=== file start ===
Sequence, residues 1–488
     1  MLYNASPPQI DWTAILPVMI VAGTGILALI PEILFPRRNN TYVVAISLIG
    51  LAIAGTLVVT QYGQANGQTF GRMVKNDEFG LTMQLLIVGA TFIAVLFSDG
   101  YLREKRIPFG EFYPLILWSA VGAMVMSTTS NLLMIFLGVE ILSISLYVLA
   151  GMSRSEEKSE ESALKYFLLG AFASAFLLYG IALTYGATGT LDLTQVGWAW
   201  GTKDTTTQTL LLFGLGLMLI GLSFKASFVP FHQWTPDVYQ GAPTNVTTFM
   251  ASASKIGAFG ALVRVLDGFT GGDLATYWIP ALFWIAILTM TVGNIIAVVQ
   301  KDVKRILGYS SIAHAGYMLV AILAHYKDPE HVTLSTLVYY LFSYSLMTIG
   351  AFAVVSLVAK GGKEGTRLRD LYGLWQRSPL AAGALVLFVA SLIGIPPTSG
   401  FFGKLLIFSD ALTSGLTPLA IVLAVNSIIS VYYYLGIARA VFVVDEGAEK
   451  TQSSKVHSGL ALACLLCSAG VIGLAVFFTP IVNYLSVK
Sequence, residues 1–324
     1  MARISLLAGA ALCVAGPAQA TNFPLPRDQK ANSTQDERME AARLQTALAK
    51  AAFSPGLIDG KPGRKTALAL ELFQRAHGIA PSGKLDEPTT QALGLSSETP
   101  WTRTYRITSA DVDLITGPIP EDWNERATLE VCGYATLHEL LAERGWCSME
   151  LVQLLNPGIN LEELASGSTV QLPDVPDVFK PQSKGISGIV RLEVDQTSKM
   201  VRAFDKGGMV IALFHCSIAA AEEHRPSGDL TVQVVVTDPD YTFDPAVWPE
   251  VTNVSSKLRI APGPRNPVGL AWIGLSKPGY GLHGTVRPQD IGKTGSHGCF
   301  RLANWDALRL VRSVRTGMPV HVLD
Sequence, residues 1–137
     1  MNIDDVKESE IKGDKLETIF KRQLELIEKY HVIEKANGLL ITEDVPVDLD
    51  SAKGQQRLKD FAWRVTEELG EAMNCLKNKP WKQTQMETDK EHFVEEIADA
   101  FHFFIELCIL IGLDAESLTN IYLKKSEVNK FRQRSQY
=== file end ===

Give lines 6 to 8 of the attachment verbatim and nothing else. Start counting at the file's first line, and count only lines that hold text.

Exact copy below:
   201  GTKDTTTQTL LLFGLGLMLI GLSFKASFVP FHQWTPDVYQ GAPTNVTTFM
   251  ASASKIGAFG ALVRVLDGFT GGDLATYWIP ALFWIAILTM TVGNIIAVVQ
   301  KDVKRILGYS SIAHAGYMLV AILAHYKDPE HVTLSTLVYY LFSYSLMTIG